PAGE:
Little is known about the statue that sat in the plaza of the terminal. The statue was called "Progress" and we understand it was put in place sometime after the terminal was closed. The artist is currently unknown, but the statue was made of concrete and metal. During a terminal clean up, an attempt was made to move the statue to the Griffis Sculpture Park, but fell apart due to its poor condition.

    From Michael Harris – In regards to the statue "Progress", around 1982 I was a student at Corpus Christi and we were made to visit the statue. We were told the statue was supposed to be Mary holding Jesus.
  • What happened to the Buffalo statue at the Buffalo Central Terminal?

    The original buffalo featured in the main hall was a real stuffed bison, used as an advertisement for the Buffalo Museum of Science. The story goes that during World War II men leaving Buffalo for the war often rubbed the Bison for good luck, thus wearing out the buffalo’s hide. The stuffed bison was removed and replaced by a plaster buffalo statue, painted to look like bronze. The plaster bison was broken when a previous owner backed a truck into the statue, knocking it to the ground, while removing the ceiling lights from the building.

    A new fiberglass bison was installed in Buffalo Central Terminal in October 2011, thanks to a donation by Mollenberg-Betz.

    The stuffed bison still resides in the Buffalo Museum of Science.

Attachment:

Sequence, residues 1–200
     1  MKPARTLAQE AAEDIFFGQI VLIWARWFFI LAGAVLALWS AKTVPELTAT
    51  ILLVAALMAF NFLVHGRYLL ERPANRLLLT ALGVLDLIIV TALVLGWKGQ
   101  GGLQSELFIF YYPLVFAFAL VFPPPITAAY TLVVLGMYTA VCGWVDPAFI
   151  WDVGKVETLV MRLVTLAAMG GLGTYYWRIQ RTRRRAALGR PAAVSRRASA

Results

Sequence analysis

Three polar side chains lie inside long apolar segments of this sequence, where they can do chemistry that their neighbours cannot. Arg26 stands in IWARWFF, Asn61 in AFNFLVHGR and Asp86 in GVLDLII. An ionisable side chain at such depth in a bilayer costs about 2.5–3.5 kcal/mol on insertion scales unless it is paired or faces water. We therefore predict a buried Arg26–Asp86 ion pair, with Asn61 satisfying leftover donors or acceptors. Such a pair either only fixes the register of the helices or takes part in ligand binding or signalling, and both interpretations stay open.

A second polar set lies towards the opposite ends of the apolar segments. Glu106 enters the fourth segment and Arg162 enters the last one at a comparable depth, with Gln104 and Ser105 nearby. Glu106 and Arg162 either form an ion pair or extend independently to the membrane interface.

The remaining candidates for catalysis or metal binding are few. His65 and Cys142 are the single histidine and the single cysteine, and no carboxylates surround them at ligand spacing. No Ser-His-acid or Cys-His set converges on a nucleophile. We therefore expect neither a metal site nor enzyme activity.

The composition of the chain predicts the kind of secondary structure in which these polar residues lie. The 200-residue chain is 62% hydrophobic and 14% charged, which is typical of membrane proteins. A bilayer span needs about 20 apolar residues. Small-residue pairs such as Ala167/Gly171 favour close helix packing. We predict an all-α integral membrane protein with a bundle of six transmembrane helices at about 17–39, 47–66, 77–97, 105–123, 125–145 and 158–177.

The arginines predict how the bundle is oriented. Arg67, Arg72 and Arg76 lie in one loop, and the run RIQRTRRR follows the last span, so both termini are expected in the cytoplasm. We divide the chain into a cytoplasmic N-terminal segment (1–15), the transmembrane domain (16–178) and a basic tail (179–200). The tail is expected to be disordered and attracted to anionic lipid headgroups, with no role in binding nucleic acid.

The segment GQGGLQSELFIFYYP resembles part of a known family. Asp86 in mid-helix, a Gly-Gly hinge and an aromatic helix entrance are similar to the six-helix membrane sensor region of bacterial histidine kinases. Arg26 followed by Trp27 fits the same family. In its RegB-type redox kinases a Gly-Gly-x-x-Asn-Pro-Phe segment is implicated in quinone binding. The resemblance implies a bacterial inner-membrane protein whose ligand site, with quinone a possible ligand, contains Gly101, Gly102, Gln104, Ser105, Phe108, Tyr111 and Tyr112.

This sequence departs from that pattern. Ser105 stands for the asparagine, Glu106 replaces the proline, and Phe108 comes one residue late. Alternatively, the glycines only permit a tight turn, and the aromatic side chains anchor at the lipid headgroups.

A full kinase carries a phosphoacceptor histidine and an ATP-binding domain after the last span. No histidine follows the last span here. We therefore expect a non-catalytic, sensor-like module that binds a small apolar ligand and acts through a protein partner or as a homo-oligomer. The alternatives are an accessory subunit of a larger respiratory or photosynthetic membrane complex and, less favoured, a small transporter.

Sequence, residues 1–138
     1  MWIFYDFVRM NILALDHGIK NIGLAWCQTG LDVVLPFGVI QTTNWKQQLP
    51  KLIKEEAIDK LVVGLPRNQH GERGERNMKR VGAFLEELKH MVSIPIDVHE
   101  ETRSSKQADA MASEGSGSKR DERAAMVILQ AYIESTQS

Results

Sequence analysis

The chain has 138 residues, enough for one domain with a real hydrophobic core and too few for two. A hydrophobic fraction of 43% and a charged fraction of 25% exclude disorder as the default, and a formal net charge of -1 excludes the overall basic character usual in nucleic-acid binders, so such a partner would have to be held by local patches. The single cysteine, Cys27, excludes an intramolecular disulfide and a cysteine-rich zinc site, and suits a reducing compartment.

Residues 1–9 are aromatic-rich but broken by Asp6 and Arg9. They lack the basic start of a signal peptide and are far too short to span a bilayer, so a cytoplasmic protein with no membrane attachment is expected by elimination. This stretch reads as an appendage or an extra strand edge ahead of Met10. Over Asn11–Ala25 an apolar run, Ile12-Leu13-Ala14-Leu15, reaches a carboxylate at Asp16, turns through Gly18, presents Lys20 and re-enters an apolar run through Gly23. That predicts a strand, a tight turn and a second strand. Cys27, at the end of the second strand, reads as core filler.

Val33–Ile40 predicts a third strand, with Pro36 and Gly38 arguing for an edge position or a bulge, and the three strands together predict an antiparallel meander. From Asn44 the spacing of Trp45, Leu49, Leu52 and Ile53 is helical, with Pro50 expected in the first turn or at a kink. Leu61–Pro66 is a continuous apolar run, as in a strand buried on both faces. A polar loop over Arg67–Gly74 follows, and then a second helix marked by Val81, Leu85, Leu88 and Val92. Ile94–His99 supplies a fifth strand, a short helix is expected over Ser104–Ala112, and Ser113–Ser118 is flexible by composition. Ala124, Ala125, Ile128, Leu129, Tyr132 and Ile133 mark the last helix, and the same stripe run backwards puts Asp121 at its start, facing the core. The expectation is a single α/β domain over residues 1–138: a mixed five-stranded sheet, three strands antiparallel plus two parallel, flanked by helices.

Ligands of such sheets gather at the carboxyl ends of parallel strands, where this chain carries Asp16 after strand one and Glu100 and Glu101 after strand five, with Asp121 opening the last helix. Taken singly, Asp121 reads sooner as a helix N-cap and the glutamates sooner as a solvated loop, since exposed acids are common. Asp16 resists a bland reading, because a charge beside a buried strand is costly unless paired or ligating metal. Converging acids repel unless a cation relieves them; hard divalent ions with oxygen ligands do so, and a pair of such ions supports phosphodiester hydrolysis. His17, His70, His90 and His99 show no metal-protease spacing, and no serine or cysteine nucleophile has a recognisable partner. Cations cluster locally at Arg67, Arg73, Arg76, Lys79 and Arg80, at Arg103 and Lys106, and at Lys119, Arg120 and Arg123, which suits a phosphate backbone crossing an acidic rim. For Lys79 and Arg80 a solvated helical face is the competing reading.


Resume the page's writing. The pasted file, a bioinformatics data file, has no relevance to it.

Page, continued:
A replica of the plaster bison sits on the University at Buffalo Amherst campus (in front of the arts building).
  • What happened to all the ornamental detail at the Buffalo Central Terminal?

    Previous owners sold all the ornamental artifacts that had been in the terminal. Light fixtures, iron railings, signs, the clock, etc. were all removed from the terminal and sold during the 1980s and 1990s. Pieces from the terminal turn up in various locations throughout the country. The clock was found for sale in Chicago. Mailboxes from inside the building are currently in the The Wolfsonian-Florida International University Museum in Miami, Florida. A number of light fixtures are now in the Cafe Deco restaurant chain in Hong Kong. Our lights have also appeared in the movies "The Hardway", "For Love or Money", and "Bullets Over Broadway".
    If you have any information about other items from inside the building, please let us know.